New Volcker Rule is a bonanza for lawyers
The Washington Post, December 11, 2013
The Volcker Rule, meant to end risky proprietary trading at deposit-taking, taxpayer- protected banks, weighed in upon approval Tuesday at around 1,000 pages (thanks to nearly 900 pages of guidance on how to comply with the 71-page rule). The law firm Jones Day said it had 200 lawyers (!) waiting to pour over this tome once it was released. If the top 50 law firms serving big banks have 100 lawyers on average doing the same thing at $400 an hour, we're talking about $2 million in legal fees per hour, or at least $100 million in the first week alone that banks will invest in the quest for loopholes.
In other words, while it remains to be seen whether the Volcker Rule makes banking any safer, it's clear that another full-employment act for lawyers has been born.
I'm not sure this is the jobs bill America was hoping for.
Now, I'm a lapsed lawyer myself. Some of my best friends are lawyers. (Come to think of it, both of my wives have been lawyers, too. Maybe I need to get out more.) But what's happened with the Volcker Rule—in which a well-intentioned goal gets swallowed up in an ocean of seemingly impenetrable complexity—is emblematic of what ails U.S. governance.
To see why, consider an alternative to Washington's latest bonanza for lawyers and lobbyists. It would be a different Volcker Rule consisting of a simple sentence: "Banks shall hold equity capital equal to at least 20 percent of their total assets." Up from 5 or so percent today, depending on how you count. Maybe you'd need a few pages to make it 20 percent of "risk-adjusted" assets to account for the relative safety of certain holdings.
Presto! The banks have enough capital to withstand any and all losses. Taxpayers are protected. The legal carnival is shut down.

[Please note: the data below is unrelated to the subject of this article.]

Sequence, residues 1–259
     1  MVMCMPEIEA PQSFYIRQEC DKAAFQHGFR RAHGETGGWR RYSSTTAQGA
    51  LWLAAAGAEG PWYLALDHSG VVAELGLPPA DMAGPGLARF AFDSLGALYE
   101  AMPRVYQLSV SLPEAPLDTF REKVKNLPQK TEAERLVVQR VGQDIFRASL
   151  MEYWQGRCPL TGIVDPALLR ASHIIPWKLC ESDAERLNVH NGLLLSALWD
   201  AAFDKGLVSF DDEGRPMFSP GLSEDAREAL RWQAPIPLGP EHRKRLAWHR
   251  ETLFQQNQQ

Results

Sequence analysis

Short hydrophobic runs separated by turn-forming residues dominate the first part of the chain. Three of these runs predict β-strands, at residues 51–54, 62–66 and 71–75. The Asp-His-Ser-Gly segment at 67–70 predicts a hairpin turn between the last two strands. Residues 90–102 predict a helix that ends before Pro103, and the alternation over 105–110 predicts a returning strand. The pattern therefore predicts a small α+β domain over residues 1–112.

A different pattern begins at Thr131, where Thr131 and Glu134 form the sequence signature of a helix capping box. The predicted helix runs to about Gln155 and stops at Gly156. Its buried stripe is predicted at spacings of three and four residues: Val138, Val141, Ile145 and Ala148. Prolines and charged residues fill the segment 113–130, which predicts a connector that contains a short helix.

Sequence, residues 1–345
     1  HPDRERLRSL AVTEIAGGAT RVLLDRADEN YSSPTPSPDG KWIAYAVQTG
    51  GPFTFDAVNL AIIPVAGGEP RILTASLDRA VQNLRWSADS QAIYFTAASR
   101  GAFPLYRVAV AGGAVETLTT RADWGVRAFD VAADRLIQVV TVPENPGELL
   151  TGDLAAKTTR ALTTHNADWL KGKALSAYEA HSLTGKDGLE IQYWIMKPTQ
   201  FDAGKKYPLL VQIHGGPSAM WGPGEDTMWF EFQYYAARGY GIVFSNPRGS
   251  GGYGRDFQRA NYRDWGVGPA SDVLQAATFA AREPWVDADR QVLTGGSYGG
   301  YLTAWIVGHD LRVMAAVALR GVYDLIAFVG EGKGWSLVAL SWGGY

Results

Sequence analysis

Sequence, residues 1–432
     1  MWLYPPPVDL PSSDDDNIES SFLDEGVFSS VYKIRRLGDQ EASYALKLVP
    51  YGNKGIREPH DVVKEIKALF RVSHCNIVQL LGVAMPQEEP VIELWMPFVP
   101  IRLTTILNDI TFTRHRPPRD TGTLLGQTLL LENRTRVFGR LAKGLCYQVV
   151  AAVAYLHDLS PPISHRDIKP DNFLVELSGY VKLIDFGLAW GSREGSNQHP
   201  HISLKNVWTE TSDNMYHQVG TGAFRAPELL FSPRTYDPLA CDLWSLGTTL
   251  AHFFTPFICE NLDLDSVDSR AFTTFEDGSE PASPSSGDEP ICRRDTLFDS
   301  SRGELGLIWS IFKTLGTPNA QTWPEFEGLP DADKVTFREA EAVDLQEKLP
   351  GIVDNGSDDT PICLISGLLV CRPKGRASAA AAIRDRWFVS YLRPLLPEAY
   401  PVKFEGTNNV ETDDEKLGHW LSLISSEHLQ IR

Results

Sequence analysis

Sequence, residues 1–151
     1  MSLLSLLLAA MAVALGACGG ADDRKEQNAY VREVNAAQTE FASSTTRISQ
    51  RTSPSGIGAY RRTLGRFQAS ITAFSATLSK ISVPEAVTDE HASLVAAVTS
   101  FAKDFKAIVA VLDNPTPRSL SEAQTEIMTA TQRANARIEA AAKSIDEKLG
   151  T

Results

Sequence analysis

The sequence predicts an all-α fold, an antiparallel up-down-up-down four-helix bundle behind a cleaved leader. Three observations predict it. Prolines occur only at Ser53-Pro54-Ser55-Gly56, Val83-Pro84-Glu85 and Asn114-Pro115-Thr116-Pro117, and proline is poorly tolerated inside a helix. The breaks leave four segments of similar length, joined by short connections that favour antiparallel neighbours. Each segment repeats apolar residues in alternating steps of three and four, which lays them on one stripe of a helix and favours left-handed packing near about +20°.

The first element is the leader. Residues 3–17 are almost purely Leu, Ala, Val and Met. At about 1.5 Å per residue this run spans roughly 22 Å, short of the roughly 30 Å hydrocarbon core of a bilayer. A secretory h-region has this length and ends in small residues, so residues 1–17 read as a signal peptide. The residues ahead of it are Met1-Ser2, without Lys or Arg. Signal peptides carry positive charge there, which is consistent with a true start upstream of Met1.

The problem Volcker and his namesake rule seek to address is real. Megabanks whose failure poses risks for the entire economy—and whose deposits are backed by taxpayers—shouldn't be allowed to operate like speculative casinos. Unfortunately, the banking system is actually more concentrated now than it was before the 2008 meltdown. There are two ways to avoid the "too big to fail" threat that still exists.
The first is to limit the risks these big banks take—though regulators don't have a great track record of getting this right. Still, that's the idea behind the Volcker Rule. The trouble is that once you say banks can do some forms of trading that look like "speculation" but not other kinds, it gets complicated fast.
Regulators obviously can't be mind readers divining whether a trader really intends to hedge a bank's position elsewhere or is just making a big bet on behalf of the house. Likewise, it's hard to distinguish between a bank that's providing "liquidity" (by making a market in a security so that it's available should a client need it) from a banker gambling on the direction of prices in a sector generally.
The Volcker Rule tries to sort this out—but Wall Street's phalanxes of lawyers will surely be able to breathe more ambiguity into the deep vagueness the text already seems to contain. For example, major banks will now have to show that any hedges are closely correlated with positions they hold. This apparently means that the bank's "correlation analysis demonstrates that the hedging activity demonstrably reduces or otherwise significantly mitigates the specific, identifiable risks" being hedged.
That little mouthful represents hundreds of millions of dollars in compliance and reporting costs. Not to mention potential litigation or regulatory review involving talmudic Clintonian parsings of what the meaning of the words "demonstrably," "significantly," or "mitigates" is.
And that's just the start of the questions. How long after the fact will such audits or challenges occur? What's more, if these rules will be enforced by regulators who may want to get hired into lucrative jobs by the banks they're supervising, can we be confident the tough calls will be resolved in the public interest?
Given these complexities and incentives, the most important thing we can do—the second way to fix the "too big to fail" problem—is to make sure big banks have enough capital to absorb any conceivable losses. The $6 billion "London whale" loss at JP Morgan Chase is often cited as an example of what the new rule is meant to prevent. But the whale's loss never became a taxpayer problem because JPMorgan had more than enough capital to take the hit.
Paul O'Neill, the former George W. Bush Treasury secretary, told me not long ago that his advice to GOP senators seeking a fix was to lift capital requirements to 20 percent and scrap every other rule entirely. With enough capital, taxpayers are insulated. Everything else is an issue for shareholders. That's capitalism! (O'Neill was told, "You're right—but we can't make the politics work.")
One wit quipped during the last crisis that "Every generation of Americans gets it chance to bail out Citigroup." We can cross our fingers, but I'd feel better about burying that grim axiom if we went heavier on the capital requirements and lighter on the micromanagement.